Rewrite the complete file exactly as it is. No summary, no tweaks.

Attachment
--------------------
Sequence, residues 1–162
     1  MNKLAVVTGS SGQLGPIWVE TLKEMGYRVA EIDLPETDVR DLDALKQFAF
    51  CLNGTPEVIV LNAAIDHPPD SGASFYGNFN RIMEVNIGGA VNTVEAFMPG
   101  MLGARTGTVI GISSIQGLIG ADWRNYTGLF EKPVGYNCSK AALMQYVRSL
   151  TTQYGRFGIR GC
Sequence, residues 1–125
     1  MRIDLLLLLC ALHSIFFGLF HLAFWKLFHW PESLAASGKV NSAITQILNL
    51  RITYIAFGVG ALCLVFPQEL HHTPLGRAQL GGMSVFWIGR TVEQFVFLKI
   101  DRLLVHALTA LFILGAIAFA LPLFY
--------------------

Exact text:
Sequence, residues 1–162
     1  MNKLAVVTGS SGQLGPIWVE TLKEMGYRVA EIDLPETDVR DLDALKQFAF
    51  CLNGTPEVIV LNAAIDHPPD SGASFYGNFN RIMEVNIGGA VNTVEAFMPG
   101  MLGARTGTVI GISSIQGLIG ADWRNYTGLF EKPVGYNCSK AALMQYVRSL
   151  TTQYGRFGIR GC
Sequence, residues 1–125
     1  MRIDLLLLLC ALHSIFFGLF HLAFWKLFHW PESLAASGKV NSAITQILNL
    51  RITYIAFGVG ALCLVFPQEL HHTPLGRAQL GGMSVFWIGR TVEQFVFLKI
   101  DRLLVHALTA LFILGAIAFA LPLFY